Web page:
Method assists biochemical research at X-ray lasers

28th February 2017
Posted By : Enaie Azambuja
Method assists biochemical research at X-ray lasers

Biological samples studied with intense X-rays at free-electron lasers are destroyed within nanoseconds after they are exposed. Because of this, the samples need to be continually refreshed to allow the many images needed for an experiment to be obtained. Conventional methods use jets that supply a continuous stream of samples, but this can be very wasteful as the X-rays only interact with a tiny fraction of the injected material.

To help address this issue, scientists at the Department of Energy's Lawrence Berkeley National Laboratory, SLAC National Accelerator Laboratory, Brookhaven National Laboratory, and other institutes designed a new assembly-line system that rapidly replaces exposed samples by moving droplets along a miniature conveyor belt, timed to coincide with the arrival of the X-ray pulses. The droplet-on-tape system now allows the team to study the biochemical reactions in real-time from microseconds to seconds, revealing the stages of these complex reactions.

In their approach, protein solution or crystals are precisely deposited in tiny liquid drops, made as ultrasound waves push the liquid onto a moving tape. As the drops move forward, they are hit with pulses of visible light or treated with oxygen gas, which triggers different chemical reactions depending on the sample studied. This allows the study of processes such as photosynthesis, which determines how plants absorb light from the sun and convert it into useable energy.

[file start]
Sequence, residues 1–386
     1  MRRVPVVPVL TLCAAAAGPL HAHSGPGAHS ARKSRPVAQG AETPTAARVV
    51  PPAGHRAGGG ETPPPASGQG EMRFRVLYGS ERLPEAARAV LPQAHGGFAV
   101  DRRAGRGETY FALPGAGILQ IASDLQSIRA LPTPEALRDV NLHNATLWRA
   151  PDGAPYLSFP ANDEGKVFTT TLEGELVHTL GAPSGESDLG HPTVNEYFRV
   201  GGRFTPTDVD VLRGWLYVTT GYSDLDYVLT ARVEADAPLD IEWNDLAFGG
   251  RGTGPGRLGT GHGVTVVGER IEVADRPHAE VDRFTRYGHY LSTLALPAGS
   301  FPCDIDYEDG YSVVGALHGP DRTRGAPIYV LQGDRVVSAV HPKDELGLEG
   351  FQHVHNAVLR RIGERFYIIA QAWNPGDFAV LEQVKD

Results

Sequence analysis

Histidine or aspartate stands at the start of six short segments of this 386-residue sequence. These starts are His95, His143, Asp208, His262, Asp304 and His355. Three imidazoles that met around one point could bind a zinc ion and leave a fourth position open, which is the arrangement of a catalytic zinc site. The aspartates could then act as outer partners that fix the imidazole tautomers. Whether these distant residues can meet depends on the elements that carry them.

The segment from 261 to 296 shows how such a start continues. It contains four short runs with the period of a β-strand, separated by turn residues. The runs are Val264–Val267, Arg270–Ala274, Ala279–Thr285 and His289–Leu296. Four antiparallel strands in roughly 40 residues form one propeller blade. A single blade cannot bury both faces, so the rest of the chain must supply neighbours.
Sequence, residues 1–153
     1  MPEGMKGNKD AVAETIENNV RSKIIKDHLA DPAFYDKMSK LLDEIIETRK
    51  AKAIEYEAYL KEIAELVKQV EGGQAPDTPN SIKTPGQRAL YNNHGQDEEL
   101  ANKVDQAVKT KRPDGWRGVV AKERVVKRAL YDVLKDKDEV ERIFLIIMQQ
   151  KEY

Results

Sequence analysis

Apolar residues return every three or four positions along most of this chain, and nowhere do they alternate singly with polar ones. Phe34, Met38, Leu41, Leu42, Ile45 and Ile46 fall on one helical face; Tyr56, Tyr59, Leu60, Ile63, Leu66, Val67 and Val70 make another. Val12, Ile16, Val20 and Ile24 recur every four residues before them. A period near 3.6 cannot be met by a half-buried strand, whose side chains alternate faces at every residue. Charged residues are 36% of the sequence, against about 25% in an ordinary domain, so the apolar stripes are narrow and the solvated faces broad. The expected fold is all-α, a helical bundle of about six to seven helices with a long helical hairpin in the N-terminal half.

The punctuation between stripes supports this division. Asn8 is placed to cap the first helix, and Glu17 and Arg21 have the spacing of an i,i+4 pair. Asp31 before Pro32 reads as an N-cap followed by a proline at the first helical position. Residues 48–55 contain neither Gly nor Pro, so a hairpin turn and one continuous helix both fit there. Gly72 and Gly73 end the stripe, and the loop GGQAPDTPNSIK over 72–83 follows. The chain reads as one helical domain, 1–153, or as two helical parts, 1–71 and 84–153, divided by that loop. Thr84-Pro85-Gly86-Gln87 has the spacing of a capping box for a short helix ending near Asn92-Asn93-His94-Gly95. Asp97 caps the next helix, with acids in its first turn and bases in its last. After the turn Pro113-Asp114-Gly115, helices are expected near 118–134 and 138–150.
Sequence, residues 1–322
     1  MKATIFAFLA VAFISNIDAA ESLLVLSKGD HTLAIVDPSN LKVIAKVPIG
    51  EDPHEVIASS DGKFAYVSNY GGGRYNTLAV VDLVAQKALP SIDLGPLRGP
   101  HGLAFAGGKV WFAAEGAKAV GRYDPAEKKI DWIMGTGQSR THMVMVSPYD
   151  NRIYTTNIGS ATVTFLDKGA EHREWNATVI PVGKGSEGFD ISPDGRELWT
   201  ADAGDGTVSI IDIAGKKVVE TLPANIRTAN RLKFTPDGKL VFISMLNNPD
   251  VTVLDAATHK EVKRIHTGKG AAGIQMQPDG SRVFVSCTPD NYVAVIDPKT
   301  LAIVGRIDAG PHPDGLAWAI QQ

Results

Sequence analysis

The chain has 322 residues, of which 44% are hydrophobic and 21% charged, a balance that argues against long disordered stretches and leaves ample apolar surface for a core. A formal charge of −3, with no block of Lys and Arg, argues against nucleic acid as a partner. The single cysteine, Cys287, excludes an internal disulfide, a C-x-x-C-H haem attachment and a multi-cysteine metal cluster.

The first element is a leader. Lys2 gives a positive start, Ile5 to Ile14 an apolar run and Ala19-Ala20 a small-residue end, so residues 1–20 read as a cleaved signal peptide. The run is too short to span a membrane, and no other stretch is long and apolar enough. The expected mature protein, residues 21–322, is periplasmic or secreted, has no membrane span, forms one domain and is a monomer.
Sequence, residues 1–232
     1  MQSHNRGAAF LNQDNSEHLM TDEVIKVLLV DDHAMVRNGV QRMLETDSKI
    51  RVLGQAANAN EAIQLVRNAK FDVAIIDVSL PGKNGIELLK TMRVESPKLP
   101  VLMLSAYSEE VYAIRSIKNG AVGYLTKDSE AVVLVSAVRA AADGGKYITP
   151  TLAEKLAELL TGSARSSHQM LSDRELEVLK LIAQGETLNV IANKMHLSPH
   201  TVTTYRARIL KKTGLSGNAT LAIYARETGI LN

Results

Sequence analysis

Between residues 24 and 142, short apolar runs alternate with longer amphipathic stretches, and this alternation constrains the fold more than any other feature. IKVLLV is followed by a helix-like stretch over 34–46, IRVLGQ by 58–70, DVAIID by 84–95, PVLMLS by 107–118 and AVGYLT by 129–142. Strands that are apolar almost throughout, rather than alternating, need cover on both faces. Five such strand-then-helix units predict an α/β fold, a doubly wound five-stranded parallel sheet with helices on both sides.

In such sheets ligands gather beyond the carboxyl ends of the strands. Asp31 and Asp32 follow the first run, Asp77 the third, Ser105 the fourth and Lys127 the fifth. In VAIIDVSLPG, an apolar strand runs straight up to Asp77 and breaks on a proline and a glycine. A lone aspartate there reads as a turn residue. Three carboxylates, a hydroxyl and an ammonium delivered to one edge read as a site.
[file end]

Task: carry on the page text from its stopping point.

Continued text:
Finally, powerful X-ray pulses from SLAC's X-ray laser, the Linac Coherent Light Source (LCLS), probe the drops. In this study published in Nature Methods, the X-ray light scattered from the sample onto two different detectors simultaneously, one for X-ray crystallography and the other for X-ray emission spectroscopy.

These are two complementary methods that provide information about the geometric and electronic structure of the catalytic sites of the proteins and allowed them to watch with atomic precision how the protein structures changed during the reaction.


You must be logged in to comment

Write a comment

No comments




Sign up to view our publications

Sign up

Sign up to view our downloads

Sign up

IoT Tech Expo 2019
25th April 2019
United Kingdom Olympia, London
Ceramics Expo 2019
29th April 2019
United States of America International Exposition Center (I-X Center)
PCIM 2019
7th May 2019
Germany Nürnberg Messe
Electronics & Applications 2019
14th May 2019
Netherlands Jaarbeurs Utrecht Hall 7 Jaarbeursplein
Agile for Automotive 2019
15th May 2019
United States of America Detroit, MI